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BW Tries "One Minute of Eye Contact"

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Hundreds of people walked through the Grove Plaza on Oct. 10, one of the last nice Saturdays before the weather turns cold. Folks strolled from the farmers market, made their way to lunch in BoDo, or made use of the beautiful afternoon on a walk with the family. 

In the midst of it all, a small group sat on yoga mats laid out on the Grove's bricks near the fountain. There, 10 people sat still and cross-legged across from one another, silent and gazing into each other's eyes—seemingly obvious to the foot traffic around them.

A cardboard sign propped up nearby asked passers-by to take a seat on the yoga mats and join in. 

"Where has the human connection gone?" the sign read. "Share one minute of eye contact to find out."

Boise State University student Ali Ellis created this impromptu event, which she called Connect Boise, after feeling frustrated with people's addictions to their phones. The self-proclaimed "yogini" said she wants people to look up from their screens and see the humans in front of them.

"A couple weeks ago, I saw a video on YouTube of people who did this in Berlin and I wanted to bring it to Boise," she said. "We have awesome people here. I want people to slow down and remember human connection."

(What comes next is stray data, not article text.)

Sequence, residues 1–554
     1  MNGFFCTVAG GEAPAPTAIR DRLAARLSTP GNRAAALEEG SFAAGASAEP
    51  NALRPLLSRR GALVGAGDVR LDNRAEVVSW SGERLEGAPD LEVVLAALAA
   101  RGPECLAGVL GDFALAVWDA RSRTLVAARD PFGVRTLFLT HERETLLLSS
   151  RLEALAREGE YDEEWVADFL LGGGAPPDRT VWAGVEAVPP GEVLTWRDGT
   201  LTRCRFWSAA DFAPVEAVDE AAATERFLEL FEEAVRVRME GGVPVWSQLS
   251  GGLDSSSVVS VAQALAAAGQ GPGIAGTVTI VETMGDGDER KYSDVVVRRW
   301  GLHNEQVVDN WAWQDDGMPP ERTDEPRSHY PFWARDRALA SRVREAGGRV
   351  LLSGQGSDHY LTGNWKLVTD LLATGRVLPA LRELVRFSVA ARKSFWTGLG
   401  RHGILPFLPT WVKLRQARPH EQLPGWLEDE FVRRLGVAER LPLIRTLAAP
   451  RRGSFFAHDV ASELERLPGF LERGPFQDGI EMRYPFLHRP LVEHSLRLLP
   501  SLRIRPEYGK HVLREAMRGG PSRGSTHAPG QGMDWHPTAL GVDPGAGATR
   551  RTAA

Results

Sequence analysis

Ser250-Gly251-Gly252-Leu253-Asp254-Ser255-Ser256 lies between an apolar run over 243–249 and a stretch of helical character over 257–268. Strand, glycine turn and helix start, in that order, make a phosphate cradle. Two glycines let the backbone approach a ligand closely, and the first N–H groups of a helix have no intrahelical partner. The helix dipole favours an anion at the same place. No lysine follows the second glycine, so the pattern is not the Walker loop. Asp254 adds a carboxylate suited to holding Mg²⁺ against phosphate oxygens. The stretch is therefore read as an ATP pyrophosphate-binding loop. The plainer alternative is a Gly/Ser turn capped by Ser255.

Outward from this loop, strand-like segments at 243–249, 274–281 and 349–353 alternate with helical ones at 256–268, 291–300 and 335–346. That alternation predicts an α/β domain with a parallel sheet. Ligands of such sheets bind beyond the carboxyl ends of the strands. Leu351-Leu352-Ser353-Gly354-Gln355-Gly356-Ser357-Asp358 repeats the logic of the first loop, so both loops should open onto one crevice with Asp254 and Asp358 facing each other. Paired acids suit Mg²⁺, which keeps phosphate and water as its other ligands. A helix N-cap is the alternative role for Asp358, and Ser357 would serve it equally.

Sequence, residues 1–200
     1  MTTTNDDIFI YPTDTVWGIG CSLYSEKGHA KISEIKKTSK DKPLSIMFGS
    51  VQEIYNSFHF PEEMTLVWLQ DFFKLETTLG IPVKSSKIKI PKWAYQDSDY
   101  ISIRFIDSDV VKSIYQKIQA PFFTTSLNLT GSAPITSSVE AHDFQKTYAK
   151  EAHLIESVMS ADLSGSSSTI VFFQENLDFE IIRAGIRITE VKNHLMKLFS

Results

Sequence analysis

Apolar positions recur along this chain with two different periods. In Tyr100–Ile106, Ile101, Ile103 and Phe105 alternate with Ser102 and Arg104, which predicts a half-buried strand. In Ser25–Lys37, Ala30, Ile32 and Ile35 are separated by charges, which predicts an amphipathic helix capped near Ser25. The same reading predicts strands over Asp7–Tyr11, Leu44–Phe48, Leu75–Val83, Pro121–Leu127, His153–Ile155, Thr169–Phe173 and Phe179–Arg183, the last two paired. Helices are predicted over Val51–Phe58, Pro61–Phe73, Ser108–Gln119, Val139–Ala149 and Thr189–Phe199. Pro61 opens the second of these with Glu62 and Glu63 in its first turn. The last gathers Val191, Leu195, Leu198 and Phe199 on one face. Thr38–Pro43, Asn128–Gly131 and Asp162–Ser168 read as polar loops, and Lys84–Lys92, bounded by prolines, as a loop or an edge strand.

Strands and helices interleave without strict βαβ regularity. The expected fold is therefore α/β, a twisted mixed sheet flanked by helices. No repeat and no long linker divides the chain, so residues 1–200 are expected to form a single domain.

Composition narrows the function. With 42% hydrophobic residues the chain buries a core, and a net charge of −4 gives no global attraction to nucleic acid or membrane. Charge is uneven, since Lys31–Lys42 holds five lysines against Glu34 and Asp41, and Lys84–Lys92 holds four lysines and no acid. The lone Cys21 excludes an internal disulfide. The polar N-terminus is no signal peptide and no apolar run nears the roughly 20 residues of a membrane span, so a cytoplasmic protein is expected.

A handful of yoga students spent part of Saturday afternoon gazing into each other's eyes. - JESSICA MURRI
  • Jessica Murri
  • A handful of yoga students spent part of Saturday afternoon gazing into each other's eyes.
Those seated on the mats were all students from the Shanti Yoga School here in Boise. They gave up an hour of their Saturday, from 1-2 p.m., to take part in the social experiment. I sat in front of Paul Graham, a yoga teacher who wore a shirt that said "Namaste" across the front and moved from Australia to Boise four months ago with his wife. 

After telling each other our names, he started a timer on his phone and we began 60 seconds of eye gazing without saying another word. Initially, my heart rate quickened and I felt a burning desire to look away. My eyes darted from his left eye to his right eye, then back again. His eyes were dark green with flecks of brown and blue and gold. He would close his eyelids for a few seconds at a time. I wondered what he was seeing looking at me. I wasn't sure what to do with my face. It started to feel like a really long time had passed, but when the timer went off, I was surprised it was the time was already over.

"What I notice most is a vulnerability in people," Graham told me afterward. "Staring into the eyes is stripping away a mask. It's a more primal connection."

I asked him if he, too, wondered what I was seeing.

"Yes," he said. "I wonder, do I look hard or soft? What can I do to soften my expression?"

He stared into half a dozen people's eyes during the hour. He said he might try holding eye contact with people longer after trying the exercise. 

Ellis, the event's organizer, said she was disappointed more people weren't stopping to partake in the event. She said most people walking by were with families and didn't seem interested in stopping. She said only one couple took up the challenge and they stared at each other.

"People are scared," she said. "It's kind of scary. They might feel awkward. I don't know. I was hoping for more traffic."